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Media Advisory - Local minor football league joins Queen's researcher to study concussions

Friday, April 20, 2018

KINGSTON – On Saturday, April 21, players from the Grenadiers football program will be taking part in the NeuroProtection project – a study in collaboration with the Concussion Education Safety and Awareness program and the Queen’s Center for Neuroscience Studies (CESAP) designed to enhance coaching practices using cutting-edge technology. Selected Grenadiers players will have their helmet equipped with accelerometers in order to study the effects of playing style on exposure to head impacts. The objective is to determine what skills players need to improve in order to promote a safer playing field, without taking away the integrity of the game.

The following day, April 22, players and coaches from the Thousand Island Minor Football League and Queen’s Gaels football will gather at Richardson Stadium to participate in a workshop aimed at making football safer by teaching kids better techniques for reducing the risk of concussions. Allen Champagne, a CESAP researcher (MD/PhD candidate), leads the project.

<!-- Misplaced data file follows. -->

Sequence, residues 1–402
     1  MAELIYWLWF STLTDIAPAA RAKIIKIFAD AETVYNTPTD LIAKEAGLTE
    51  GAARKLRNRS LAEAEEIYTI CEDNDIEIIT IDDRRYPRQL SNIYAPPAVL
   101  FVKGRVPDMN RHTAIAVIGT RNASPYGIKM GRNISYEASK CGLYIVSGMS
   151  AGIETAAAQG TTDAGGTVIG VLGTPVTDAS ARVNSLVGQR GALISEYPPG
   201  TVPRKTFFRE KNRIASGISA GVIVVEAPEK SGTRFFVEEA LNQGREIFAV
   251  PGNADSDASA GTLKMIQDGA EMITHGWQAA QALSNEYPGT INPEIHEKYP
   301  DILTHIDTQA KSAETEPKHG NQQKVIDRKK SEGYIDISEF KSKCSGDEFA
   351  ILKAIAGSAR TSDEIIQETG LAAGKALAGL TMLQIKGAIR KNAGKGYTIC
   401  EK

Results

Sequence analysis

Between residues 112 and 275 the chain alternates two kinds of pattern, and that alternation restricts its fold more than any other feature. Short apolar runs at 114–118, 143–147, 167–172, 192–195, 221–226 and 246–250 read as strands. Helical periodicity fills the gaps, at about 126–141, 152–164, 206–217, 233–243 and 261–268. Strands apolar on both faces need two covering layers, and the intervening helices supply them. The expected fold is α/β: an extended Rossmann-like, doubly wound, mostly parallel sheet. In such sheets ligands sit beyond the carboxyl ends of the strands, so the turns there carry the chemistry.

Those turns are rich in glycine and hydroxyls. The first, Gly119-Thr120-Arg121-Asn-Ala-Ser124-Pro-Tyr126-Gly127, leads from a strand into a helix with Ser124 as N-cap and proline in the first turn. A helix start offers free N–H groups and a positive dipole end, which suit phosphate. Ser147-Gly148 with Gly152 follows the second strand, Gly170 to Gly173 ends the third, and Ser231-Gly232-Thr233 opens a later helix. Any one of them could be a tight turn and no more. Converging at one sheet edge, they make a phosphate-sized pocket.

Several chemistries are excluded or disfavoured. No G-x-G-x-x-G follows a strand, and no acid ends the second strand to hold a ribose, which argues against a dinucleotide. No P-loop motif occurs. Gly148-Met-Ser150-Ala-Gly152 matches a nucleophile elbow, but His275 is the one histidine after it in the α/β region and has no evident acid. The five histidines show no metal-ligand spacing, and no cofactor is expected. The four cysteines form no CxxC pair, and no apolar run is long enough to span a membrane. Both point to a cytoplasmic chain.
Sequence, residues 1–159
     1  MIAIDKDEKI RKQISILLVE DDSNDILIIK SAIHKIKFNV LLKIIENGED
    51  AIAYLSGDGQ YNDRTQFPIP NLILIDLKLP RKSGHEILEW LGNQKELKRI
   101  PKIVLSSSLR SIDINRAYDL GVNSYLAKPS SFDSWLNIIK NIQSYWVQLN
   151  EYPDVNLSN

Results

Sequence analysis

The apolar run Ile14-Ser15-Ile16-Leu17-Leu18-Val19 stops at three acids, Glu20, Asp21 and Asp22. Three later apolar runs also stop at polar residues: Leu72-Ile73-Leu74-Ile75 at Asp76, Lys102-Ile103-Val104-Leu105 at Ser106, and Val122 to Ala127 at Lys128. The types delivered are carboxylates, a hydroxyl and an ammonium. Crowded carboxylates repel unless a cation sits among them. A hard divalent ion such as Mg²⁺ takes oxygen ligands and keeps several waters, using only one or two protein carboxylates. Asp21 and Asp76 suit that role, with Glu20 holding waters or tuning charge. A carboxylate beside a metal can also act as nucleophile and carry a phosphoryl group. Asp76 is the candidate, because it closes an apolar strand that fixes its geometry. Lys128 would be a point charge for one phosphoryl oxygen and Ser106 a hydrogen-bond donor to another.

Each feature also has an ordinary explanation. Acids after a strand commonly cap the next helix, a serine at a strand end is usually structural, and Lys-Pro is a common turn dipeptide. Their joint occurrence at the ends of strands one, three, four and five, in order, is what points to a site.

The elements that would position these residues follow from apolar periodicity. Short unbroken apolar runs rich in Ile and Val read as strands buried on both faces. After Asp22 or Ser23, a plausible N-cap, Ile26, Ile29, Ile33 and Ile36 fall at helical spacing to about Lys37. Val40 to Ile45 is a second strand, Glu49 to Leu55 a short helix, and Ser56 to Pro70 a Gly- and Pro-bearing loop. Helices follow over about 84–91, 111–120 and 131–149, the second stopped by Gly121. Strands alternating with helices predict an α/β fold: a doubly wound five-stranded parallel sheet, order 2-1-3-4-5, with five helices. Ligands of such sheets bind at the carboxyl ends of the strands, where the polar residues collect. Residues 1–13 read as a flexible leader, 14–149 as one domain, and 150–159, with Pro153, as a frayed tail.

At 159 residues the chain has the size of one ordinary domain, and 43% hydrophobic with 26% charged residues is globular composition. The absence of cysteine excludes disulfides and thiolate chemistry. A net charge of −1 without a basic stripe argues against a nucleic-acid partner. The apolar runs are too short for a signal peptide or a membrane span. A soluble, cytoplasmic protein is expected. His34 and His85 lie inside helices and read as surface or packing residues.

Players will participate in various football drills, including blocking and tackling techniques, while being filmed by a series of GoPro cameras. Footage will then be analyzed by researchers in effort to help the design of interventions that will help players refine their techniques with the intent to mitigate head injuries.

Researcher Allen Champagne will be on hand for interviews during the event.

April 21 and April 22, 2018
Richardson Stadium, Queen’s University
The best time for media to attend is between 1 pm - 3pm both days.
(Facebook Page)

Players will run various drills; researchers will be capturing motion for scientific analysis.

Anne Craig, Media Relations Officer
Queen’s University
613.533.6000 ext. 32877

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